62 (12–157)

64 (18–170)

0.955

Number of stents*

2 (0–6)

2 (0–6)

0.490

Amount of contrast medium [mL]*

200 (70–750)

200 (80–800)

0.161

Fluoroscopy time [min]*

28 (4–113)

37 (7–104)

< 0.001

Examination time [min]*

90 (11–208)

120 (20–300)

< 0.001

Figure 1. Various parameters of initial attempted and re-attempted chronic total occlusion percutaneous coronary intervention reflecting the complexity of the lesions.
Figure 2. Comparison of initial attempted and re-attempted chronic total occlusion percutaneous coronary intervention regarding examination and fluoroscopy time.

The most frequent reason for failure in re-attempted CTO lesions was the failure of the guidewire to cross the lesion. No procedure was discontinued due to complications.

Overall success rates were comparable between the two group of patients (86.9% vs. 83.0%, p = 0.204).

Reverse controlled antegrade and retrograde tracking and parallel-wire techniques were more frequently used in re-attempted than in first-attempt lesions (67.1% vs. 41%, p < 0.001 and 24.4% vs. 8.9%, p < 0.001, respectively).

In-hospital, acute procedural complications regarding the composite safety endpoint were rare and showed no significant difference (6.0% vs. 4.0%, p = 0.467). They included mostly vascular complications (n = 26) such as a local hematoma at the puncture site and could be treated without further consequences. No severe complications such as peri-procedural death, ST-segment elevation myocardial infarction occurred (Table 3).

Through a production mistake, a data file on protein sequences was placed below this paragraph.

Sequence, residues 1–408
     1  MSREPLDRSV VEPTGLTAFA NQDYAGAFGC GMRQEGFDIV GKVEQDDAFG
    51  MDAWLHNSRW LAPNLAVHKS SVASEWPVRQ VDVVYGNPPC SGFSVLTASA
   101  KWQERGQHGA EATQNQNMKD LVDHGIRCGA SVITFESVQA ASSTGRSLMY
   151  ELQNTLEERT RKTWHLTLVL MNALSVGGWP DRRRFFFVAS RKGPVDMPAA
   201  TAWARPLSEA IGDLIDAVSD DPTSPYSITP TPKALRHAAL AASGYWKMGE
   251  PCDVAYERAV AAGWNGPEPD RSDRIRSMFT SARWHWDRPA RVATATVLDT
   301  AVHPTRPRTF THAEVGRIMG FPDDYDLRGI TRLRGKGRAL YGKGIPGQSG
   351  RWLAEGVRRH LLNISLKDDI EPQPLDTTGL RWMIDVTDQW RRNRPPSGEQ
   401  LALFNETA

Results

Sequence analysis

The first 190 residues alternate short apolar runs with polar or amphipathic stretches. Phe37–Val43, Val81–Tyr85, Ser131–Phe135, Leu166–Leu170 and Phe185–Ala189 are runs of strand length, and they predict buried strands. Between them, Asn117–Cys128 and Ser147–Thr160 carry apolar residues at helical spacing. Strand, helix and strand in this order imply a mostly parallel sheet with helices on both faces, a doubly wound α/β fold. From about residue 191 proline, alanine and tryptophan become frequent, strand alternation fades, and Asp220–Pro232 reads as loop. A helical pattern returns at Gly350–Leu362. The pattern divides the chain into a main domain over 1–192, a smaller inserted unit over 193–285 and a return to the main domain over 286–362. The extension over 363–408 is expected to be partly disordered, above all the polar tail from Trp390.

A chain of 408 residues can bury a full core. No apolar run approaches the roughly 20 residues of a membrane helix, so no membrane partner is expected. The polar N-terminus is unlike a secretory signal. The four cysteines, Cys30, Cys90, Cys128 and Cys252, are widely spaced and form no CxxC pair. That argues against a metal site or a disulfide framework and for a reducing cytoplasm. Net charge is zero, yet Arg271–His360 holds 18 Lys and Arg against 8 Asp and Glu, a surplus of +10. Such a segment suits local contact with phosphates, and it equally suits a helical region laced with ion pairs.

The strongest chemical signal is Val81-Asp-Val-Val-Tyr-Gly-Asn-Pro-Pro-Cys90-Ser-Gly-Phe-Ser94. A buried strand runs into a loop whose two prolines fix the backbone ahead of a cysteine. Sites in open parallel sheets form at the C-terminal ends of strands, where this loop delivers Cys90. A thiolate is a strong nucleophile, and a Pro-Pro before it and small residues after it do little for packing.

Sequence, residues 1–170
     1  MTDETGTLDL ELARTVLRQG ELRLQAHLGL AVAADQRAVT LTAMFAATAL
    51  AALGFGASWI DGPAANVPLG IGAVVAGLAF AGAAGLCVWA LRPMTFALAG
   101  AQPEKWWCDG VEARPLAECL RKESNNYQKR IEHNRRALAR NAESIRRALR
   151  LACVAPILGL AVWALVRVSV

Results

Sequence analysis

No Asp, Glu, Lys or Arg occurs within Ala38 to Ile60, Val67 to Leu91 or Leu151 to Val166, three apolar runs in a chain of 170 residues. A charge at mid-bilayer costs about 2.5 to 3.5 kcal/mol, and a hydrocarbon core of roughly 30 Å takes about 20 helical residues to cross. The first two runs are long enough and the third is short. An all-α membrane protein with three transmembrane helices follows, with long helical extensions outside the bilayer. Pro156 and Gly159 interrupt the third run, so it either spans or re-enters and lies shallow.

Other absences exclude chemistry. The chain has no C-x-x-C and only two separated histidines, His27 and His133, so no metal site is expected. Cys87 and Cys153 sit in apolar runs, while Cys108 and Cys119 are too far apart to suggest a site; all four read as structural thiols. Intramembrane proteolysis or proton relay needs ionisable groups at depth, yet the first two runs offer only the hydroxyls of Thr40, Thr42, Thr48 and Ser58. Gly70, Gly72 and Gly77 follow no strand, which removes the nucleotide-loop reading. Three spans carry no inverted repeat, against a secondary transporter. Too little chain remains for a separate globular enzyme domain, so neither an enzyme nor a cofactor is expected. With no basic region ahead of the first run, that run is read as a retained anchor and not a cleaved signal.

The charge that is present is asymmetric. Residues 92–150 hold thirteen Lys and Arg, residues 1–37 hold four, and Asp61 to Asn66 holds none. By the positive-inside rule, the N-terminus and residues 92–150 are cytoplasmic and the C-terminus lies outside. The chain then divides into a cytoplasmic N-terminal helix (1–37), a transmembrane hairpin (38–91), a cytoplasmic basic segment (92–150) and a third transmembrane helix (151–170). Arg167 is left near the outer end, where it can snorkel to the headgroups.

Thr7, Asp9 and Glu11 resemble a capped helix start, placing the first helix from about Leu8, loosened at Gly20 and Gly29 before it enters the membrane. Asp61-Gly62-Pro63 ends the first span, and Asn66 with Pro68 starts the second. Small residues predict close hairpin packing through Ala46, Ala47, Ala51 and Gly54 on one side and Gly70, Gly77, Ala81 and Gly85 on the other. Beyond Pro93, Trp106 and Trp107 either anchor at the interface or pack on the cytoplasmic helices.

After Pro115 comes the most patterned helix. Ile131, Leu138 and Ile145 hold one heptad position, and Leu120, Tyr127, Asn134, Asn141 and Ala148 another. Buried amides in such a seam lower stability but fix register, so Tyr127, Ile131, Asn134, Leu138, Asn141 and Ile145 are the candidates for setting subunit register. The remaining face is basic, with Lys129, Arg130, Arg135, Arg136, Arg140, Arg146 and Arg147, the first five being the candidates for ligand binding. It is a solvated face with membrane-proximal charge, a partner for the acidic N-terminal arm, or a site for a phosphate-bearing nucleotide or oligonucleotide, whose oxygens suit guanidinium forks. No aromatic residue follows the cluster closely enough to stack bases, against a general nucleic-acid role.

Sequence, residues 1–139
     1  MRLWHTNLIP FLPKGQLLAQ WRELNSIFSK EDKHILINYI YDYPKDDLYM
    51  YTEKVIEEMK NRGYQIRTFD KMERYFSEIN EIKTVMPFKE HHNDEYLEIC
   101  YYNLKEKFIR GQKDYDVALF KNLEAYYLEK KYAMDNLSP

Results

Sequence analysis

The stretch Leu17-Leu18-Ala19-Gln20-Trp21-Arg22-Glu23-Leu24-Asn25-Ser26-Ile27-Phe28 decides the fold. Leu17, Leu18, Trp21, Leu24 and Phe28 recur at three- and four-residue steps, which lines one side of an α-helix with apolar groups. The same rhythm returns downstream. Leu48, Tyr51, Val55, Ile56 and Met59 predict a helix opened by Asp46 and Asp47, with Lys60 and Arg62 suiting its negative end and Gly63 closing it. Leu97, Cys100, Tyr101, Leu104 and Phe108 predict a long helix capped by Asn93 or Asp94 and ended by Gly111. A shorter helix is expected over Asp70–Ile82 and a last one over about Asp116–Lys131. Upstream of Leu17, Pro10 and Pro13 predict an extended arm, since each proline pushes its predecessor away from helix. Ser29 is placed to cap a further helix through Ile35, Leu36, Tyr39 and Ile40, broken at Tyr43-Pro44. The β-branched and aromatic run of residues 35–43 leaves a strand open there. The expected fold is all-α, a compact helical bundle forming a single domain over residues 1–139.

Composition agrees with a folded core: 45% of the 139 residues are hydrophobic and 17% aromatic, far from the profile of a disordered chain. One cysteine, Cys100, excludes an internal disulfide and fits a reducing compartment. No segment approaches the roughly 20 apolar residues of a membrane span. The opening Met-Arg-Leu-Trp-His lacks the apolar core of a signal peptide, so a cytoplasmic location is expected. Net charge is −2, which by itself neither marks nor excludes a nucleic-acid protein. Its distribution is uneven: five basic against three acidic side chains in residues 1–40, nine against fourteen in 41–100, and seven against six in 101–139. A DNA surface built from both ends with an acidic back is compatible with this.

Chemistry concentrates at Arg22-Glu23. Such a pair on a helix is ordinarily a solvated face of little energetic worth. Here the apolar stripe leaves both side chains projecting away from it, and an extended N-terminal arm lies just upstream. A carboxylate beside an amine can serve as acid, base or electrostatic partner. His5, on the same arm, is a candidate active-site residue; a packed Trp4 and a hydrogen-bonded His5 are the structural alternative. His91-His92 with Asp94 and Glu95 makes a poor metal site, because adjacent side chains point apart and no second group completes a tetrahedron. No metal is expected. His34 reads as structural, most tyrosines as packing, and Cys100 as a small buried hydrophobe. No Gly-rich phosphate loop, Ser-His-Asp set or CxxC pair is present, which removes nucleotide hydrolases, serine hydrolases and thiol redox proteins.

Table 3. In-hospital events.

Initial
attempt
(n = 366)

Re-
-attempt
(n = 253)

In-hospital death

0

0

Vascular complications

17

9

Cardiac tamponade

4

0

Stroke

1

0

Myocardial infarction

0

0

Patients without a successful recanalization in a second attempt were treated medically in 69%, whilst 31% underwent coronary artery bypass grafting (CABG).

Discussion

According to available research itis known that an incomplete revascularization is accompanied by increased adverse events [19, 20]. Therefore, it should be a goal to perform a successful recanalization even after a failed CTO-PCI attempt.

In a large meta-analysis with more than 7000 patients, Joyal et al. [21] demonstrated that successful CTO-PCI compared to a failed attempt could show a reduction, not only in long-term mortality, but also the need for CABG. Furthermore, van der Schaaf et al. [22] showed that the presence of a non-revascularized CTO increases the long-term mortality in a case of acute myocardial infarction [21, 22]. As is done nowadays, CTO-PCI can be performed in a safe and sufficient way by most CTO centers, the present study emphasizes several important aspects of CTO-PCI in re-attempted cases.